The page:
"Social Security has not added one penny to the deficit."
-- Sen. Dick Durbin, D-Ill., Nov. 27, 2012
In 2011, we evaluated a similar statement about Social Security and gave it a relatively rare rating -- "true but false" -- which seemed to please no one. Yet as the "fiscal cliff" talks have heated up, Democrats have once again been using this talking point to shield Social Security from the chopping block.
Durbin, to his credit, in a recent speech, acknowledged that Social Security's long-term financing is an important issue that cannot be deferred. He advocates creating a commission to separately address how to ensure 75 years of solvency. So we don't mean to pick on Durbin because plenty of Democrats in recent days have made similar comments.
But we remain troubled by this talking point, especially given the recent further decline in Social Security's finances. We do not think this line is a slam-dunk falsehood, but it is certainly worth revisiting.
Social Security is a pay-as-you-go system, which means that payments collected today are immediately used to pay benefits. Until recently, more payments were collected than were needed. So Social Security lent the money to the government, which used it for other things, which in effect masked the size of the federal budget deficit. In exchange, Social Security received interest-bearing Treasury securities, which now total more than $2.7 trillion.
As we have repeatedly explained, the bonds held by Social Security are backed by the full faith and credit of the U.S. government. The bonds are a real asset to Social Security, but they also represent an obligation by the rest of the government. Like any entity that issues debt, such as a corporation, the government will have to make good on its obligations, generally by taking the money out of revenue, reducing expenses or issuing new debt.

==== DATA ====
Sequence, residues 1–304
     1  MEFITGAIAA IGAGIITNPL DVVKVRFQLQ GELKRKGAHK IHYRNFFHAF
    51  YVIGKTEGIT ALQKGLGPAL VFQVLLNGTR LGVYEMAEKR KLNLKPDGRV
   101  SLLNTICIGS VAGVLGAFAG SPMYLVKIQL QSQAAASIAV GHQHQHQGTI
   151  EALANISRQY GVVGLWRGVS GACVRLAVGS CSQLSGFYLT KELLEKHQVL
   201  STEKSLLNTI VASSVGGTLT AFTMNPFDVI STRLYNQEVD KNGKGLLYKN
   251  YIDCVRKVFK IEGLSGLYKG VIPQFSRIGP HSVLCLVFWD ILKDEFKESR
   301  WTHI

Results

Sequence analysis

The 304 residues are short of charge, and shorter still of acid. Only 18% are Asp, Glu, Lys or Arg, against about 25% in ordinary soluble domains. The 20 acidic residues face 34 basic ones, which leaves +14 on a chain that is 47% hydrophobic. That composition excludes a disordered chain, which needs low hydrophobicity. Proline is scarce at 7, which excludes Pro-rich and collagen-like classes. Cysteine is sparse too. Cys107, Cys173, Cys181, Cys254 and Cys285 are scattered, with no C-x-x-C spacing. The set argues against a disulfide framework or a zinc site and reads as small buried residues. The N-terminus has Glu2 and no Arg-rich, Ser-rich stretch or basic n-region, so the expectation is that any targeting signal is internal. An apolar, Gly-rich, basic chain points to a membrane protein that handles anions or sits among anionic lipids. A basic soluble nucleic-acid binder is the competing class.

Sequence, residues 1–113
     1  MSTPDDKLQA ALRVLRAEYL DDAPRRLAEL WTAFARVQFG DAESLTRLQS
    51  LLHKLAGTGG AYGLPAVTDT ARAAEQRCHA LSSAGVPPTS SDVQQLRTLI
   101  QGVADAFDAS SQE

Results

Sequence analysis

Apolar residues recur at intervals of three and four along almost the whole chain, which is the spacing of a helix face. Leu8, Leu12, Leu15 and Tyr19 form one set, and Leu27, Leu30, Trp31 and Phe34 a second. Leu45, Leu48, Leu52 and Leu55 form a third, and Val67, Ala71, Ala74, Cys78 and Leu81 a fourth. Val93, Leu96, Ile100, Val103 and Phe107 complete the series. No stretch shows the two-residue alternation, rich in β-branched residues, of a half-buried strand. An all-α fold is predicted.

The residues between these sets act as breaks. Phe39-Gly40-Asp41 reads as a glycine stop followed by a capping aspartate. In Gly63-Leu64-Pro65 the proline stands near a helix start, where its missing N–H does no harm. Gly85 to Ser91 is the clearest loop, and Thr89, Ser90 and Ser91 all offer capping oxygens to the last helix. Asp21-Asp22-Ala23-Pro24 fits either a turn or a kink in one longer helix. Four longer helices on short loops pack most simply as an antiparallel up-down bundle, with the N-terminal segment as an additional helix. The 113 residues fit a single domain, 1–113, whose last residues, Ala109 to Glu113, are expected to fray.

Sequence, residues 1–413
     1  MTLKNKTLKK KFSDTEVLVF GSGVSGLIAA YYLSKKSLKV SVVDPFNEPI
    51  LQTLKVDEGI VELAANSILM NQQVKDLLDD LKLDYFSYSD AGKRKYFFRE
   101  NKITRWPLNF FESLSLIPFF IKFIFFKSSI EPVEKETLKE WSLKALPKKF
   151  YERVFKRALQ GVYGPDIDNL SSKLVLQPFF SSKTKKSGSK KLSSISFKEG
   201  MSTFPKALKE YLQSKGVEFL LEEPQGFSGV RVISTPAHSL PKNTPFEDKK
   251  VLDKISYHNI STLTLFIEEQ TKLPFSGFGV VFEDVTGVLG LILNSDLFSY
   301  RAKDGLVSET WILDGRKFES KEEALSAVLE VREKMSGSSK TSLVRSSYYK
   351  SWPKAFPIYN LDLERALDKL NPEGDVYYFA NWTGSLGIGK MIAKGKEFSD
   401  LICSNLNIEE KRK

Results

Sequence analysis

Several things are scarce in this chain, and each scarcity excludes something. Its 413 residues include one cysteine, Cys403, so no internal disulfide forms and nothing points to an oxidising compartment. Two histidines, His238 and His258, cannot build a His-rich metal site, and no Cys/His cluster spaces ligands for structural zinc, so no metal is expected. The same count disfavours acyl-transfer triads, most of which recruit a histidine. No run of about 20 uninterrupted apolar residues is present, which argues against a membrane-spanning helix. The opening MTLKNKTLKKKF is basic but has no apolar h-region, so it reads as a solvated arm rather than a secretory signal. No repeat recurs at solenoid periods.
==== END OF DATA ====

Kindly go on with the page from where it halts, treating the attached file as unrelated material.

The Congressional Budget Office tracks the flow of money in and out of Social Security. So here is a summary of the data for fiscal 2013. To keep things simple, we include transfers made for the payroll tax holiday as part of "other income."
Social Security income (in billions)
• Revenue: $675
• Interest: $110
• Other income: $70
Total income: $854
Total outgo: $819
This looks like surplus, about $36 billion after rounding.
But notice that fully $110 billion of the income was interest on Treasury securities. That interest is simply paid with new bonds. So when that money is subtracted, the actual cash flow is negative -- and getting worse.
In 2012, the cash flow deficit was $58 billion. In 2013, it will be negative $75 billion -- and then negative $82 billion in 2014. By 2016, the trust fund for disability insurance will be exhausted, so in theory, full disability benefits could not be paid.
As we noted before, this is partly a matter of theology. Democrats look at those trust funds and see actual assets, built up over time, that must be honored.
In their view, the government's general fund -- which is now making payments to Social Security to cover the cash flow shortfall -- has benefited greatly in the past 30 years from annual Social Security trust fund surpluses that were invested in Treasury securities. In other words, Social Security has helped finance deficit spending in the rest of government -- rather than contributing to those deficits. So any cash flow problem should be viewed as a deficit in the general fund rather than in Social Security.
The other argument is that this is just paper shuffling.
Ultimately, those bonds are part of the overall U.S. national debt. In other words, it doesn't matter what happened in the past with Social Security monies; what matters is whether Social Security is generating enough money today to pay for its bills on its own. The plain fact is that it is not, and thus it adds to the government's overall fiscal imbalance.